Telling time where to go, what to do “EntreLeadership”

Telling time where to go, what to do “EntreLeadership”

SHARE
Dave Ramsey is America’s trusted voice on business and money, and CEO of Ramsey Solutions. He has authored five New York Times best-selling books, including EntreLeadership. “The Dave Ramsey Show” is heard by more than 8.5 million listeners each week on more than 550 radio stations. Follow Dave on the web at www.entreleadership.com.

STORY/ DAVE RAMSEY

One of the most popular small business questions I receive on a regular basis might surprise you. It goes something like this: How do you run a successful company without it completely taking over and ruining your life?

The average small business owner works more than 60 hours a week. And no matter how much you love your job, those hours over a long period of time will begin to take a toll. Pretty soon your family, your health, and the company itself will begin to suffer.

Before I began to study the principles of time management, I thought the whole idea was some kind of slick, money-making scheme hatched by a know-it-all who had never really worked for a living. But a funny thing happened. As I applied some simple time management principles to my life, I began to get more accomplished. In addition, I wasn’t as tired mentally and physically as I was before. I was on-task, efficient and I had more energy — even at the end of the day!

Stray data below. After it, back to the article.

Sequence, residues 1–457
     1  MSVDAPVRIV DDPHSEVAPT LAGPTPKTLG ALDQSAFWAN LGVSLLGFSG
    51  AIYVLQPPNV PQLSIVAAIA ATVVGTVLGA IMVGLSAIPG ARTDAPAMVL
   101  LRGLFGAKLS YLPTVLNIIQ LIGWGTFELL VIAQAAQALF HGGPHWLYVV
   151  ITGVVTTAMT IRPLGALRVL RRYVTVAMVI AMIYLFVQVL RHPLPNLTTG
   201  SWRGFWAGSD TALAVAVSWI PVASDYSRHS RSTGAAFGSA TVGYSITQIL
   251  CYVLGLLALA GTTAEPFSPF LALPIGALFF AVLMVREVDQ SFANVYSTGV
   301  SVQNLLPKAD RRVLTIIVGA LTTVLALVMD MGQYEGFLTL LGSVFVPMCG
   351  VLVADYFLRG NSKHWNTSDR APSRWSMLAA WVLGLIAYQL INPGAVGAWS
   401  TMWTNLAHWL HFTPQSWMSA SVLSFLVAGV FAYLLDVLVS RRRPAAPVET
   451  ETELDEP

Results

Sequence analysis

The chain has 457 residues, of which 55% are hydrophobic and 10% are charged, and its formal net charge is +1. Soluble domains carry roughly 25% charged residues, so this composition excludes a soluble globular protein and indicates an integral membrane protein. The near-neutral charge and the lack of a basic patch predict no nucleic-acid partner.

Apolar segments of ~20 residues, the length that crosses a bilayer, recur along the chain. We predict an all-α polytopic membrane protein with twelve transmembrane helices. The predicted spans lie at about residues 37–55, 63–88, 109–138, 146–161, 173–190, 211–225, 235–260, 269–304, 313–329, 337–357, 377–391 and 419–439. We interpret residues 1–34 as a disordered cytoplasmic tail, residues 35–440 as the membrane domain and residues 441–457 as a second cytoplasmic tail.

shutterstock_336324713

Managing time and money well, and viewing them as precious commodities, should be a normal exercise in both our professional and personal lives.

Most entrepreneurs are hard-charging, bust through and get-it-done types of people. The last thing we need is to feel like a rat in a wheel, just running and running but never getting anywhere. To enjoy our work, we must have a plan and a sense of traction and accomplishment. My friend John Maxwell says a budget is telling your money where to go. Well, the same principle can be applied to your time. You can plan ahead and tell it where to go, or you can scratch your head and wonder where it went.

Years ago, I never viewed time management for the purpose of productivity as something with personal or spiritual implications. Then, I was told that today’s system of minutes and seconds was developed by 14th century monks, who were also mathematicians. They were able to formulate calculations breaking hours into minutes and minutes into seconds. Before that, time was measured only in hours using instruments like a sundial. The monks did this work with the purpose of gaining the ability to more precisely worship God.

Managing time and money well, and viewing them as precious commodities, should be a normal exercise in both our professional and personal lives.

 

NO COMMENTS

LEAVE A REPLY